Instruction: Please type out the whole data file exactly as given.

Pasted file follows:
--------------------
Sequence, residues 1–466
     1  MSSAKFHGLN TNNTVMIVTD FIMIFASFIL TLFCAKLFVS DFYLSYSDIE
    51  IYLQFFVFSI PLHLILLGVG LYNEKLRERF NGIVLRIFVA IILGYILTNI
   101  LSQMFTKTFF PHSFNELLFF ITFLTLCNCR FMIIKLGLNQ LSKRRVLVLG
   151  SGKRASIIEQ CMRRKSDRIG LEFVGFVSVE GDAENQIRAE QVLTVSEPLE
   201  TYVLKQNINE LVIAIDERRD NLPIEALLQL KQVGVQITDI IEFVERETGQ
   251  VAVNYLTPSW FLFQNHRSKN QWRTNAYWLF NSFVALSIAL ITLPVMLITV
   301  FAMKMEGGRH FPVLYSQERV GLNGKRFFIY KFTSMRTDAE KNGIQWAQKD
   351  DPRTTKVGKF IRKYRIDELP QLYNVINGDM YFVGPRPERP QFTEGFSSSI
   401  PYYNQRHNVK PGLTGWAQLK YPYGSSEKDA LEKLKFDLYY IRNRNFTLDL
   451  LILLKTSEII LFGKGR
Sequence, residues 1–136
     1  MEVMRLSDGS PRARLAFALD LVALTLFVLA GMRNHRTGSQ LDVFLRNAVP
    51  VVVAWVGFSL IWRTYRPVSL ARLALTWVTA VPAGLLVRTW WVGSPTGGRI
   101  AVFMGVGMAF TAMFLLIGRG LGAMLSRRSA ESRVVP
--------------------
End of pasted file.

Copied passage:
Sequence, residues 1–466
     1  MSSAKFHGLN TNNTVMIVTD FIMIFASFIL TLFCAKLFVS DFYLSYSDIE
    51  IYLQFFVFSI PLHLILLGVG LYNEKLRERF NGIVLRIFVA IILGYILTNI
   101  LSQMFTKTFF PHSFNELLFF ITFLTLCNCR FMIIKLGLNQ LSKRRVLVLG
   151  SGKRASIIEQ CMRRKSDRIG LEFVGFVSVE GDAENQIRAE QVLTVSEPLE
   201  TYVLKQNINE LVIAIDERRD NLPIEALLQL KQVGVQITDI IEFVERETGQ
   251  VAVNYLTPSW FLFQNHRSKN QWRTNAYWLF NSFVALSIAL ITLPVMLITV
   301  FAMKMEGGRH FPVLYSQERV GLNGKRFFIY KFTSMRTDAE KNGIQWAQKD
   351  DPRTTKVGKF IRKYRIDELP QLYNVINGDM YFVGPRPERP QFTEGFSSSI
   401  PYYNQRHNVK PGLTGWAQLK YPYGSSEKDA LEKLKFDLYY IRNRNFTLDL
   451  LILLKTSEII LFGKGR
Sequence, residues 1–136
     1  MEVMRLSDGS PRARLAFALD LVALTLFVLA GMRNHRTGSQ LDVFLRNAVP
    51  VVVAWVGFSL IWRTYRPVSL ARLALTWVTA VPAGLLVRTW WVGSPTGGRI
   101  AVFMGVGMAF TAMFLLIGRG LGAMLSRRSA ESRVVP